On a Computation Model for Human and Machine Symmetry Perception

Restricted (Penn State Only)
Funk, Christopher A
Graduate Program:
Computer Science and Engineering
Doctor of Philosophy
Document Type:
Date of Defense:
October 12, 2018
Committee Members:
  • Yanxi Liu, Dissertation Advisor
  • Yanxi Liu, Committee Chair
  • Robert Collins, Committee Member
  • William Evan Higgins, Committee Member
  • David T Reitter, Outside Member
  • Symmetry
  • Deep Learning
  • Convolutional Neural Networks
  • Machine Learning
  • Wallpaper Groups
  • Topology Comparison
  • EEG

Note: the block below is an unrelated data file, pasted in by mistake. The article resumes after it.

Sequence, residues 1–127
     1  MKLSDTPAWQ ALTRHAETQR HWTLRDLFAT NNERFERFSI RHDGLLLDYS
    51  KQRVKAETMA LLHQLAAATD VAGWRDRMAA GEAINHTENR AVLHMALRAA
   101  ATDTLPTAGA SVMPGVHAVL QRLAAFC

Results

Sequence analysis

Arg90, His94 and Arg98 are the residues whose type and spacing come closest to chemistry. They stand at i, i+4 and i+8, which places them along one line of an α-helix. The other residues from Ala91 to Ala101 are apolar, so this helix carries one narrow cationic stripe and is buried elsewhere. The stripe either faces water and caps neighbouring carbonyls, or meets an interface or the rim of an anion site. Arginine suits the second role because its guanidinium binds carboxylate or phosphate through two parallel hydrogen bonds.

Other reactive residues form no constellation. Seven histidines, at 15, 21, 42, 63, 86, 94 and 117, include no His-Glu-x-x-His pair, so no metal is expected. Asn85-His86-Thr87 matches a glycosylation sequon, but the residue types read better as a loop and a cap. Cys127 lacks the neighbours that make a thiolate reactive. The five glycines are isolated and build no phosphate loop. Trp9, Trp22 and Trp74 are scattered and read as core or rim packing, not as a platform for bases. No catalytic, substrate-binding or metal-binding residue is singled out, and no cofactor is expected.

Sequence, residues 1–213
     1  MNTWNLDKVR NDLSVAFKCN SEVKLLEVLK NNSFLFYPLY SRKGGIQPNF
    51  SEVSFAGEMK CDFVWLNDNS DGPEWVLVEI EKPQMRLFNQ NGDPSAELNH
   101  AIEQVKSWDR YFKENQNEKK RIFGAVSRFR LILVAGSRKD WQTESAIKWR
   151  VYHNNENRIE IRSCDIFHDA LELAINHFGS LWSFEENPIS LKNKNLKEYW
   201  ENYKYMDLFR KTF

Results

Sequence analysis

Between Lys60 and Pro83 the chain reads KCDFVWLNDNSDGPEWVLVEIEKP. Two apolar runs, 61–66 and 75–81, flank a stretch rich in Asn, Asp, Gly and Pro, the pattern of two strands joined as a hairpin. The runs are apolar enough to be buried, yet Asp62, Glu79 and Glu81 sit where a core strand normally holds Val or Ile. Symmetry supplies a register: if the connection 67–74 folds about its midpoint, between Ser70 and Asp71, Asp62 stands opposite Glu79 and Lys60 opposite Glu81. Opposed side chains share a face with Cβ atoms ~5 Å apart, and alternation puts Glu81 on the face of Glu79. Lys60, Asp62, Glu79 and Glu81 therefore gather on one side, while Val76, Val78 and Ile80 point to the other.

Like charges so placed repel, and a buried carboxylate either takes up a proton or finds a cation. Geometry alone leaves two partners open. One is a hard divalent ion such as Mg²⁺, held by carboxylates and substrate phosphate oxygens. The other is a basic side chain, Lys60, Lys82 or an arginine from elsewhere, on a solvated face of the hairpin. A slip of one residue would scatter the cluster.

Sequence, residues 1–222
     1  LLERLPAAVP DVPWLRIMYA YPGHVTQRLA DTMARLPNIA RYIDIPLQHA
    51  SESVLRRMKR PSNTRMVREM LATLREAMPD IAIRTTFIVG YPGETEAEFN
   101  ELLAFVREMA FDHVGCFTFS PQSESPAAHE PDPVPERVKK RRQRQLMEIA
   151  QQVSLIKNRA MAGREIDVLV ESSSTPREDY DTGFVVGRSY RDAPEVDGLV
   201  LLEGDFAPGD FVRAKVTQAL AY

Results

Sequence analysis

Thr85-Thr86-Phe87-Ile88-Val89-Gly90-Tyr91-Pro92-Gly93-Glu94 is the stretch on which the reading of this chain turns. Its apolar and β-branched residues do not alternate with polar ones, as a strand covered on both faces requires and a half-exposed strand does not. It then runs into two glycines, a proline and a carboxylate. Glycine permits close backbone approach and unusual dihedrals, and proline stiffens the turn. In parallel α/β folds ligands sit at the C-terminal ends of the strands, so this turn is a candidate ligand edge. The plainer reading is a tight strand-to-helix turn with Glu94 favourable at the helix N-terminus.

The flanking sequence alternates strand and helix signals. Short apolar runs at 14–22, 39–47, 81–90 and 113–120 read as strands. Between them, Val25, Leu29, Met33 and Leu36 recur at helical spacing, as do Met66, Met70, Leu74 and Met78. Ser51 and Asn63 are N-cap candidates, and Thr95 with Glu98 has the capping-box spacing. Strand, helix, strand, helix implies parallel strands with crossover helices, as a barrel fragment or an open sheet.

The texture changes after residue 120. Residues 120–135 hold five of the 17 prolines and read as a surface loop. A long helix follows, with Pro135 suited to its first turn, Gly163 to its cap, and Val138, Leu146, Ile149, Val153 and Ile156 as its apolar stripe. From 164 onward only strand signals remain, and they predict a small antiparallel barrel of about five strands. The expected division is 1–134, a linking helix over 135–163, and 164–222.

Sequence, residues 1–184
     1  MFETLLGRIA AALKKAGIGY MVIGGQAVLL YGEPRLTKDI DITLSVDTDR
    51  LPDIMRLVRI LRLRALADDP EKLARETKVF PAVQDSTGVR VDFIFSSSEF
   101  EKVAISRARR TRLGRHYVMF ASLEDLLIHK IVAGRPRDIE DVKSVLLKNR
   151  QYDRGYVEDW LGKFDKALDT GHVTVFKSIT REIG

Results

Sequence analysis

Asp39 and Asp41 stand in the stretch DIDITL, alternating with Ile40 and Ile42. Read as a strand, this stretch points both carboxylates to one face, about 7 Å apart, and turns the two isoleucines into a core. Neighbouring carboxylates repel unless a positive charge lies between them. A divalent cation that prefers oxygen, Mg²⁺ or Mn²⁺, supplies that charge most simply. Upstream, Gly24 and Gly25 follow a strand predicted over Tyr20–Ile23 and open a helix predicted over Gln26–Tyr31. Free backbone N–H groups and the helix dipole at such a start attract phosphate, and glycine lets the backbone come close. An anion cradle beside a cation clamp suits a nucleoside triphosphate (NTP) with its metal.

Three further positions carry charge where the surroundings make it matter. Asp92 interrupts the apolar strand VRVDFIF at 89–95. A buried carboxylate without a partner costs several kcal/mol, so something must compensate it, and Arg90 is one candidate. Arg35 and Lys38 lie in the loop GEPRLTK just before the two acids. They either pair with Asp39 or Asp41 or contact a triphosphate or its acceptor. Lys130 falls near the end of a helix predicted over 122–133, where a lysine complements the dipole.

Symmetry is fundamental to human perception since it draws attention to specific objects and helps perceptual grouping of the messy world into distinct, well-defined categories. Symmetry and regularity have always been key ingredients that influence the visual beauty perceived by humans in art and architecture. Computational symmetry, formally defined by Professor Yanxi Liu in 2000, refers to the practice of representing, detection, and reasoning of symmetries from digital data through an algorithmic approach. This problem is challenging enough that, after decades of research, a fully automated and robust symmetry detection system remains elusive. This work lies at a nexus of computer science, cognitive science, and mathematics. The main focus of the work is to create the next generation computational symmetry algorithms simulating human intelligence. This work develops algorithms to detect real-world symmetries including reflection, rotation, and translation from photos and synthetic images containing periodic patterns represented by the 17 wallpaper groups. New datasets that are orders of magnitude larger than previous datasets have been created to train Convolutional Neural Networks to detect the imperfect symmetries and to investigate how the Convolutional Neural Networks are learning the wallpaper hierarchy. The novelty of this work is to explore human and machine perception of symmetries jointly and to develop novel ways for symmetry detection in computer vision.